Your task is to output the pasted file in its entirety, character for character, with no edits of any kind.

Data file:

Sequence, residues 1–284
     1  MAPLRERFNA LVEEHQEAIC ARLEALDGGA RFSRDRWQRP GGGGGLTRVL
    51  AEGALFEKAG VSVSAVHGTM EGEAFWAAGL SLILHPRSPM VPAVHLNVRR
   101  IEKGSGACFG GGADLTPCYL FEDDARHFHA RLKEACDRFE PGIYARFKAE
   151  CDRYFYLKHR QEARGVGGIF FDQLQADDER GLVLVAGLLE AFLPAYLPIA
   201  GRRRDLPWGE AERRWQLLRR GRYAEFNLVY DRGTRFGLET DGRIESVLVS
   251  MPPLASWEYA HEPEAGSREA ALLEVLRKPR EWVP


Sequence, residues 1–284
     1  MAPLRERFNA LVEEHQEAIC ARLEALDGGA RFSRDRWQRP GGGGGLTRVL
    51  AEGALFEKAG VSVSAVHGTM EGEAFWAAGL SLILHPRSPM VPAVHLNVRR
   101  IEKGSGACFG GGADLTPCYL FEDDARHFHA RLKEACDRFE PGIYARFKAE
   151  CDRYFYLKHR QEARGVGGIF FDQLQADDER GLVLVAGLLE AFLPAYLPIA
   201  GRRRDLPWGE AERRWQLLRR GRYAEFNLVY DRGTRFGLET DGRIESVLVS
   251  MPPLASWEYA HEPEAGSREA ALLEVLRKPR EWVP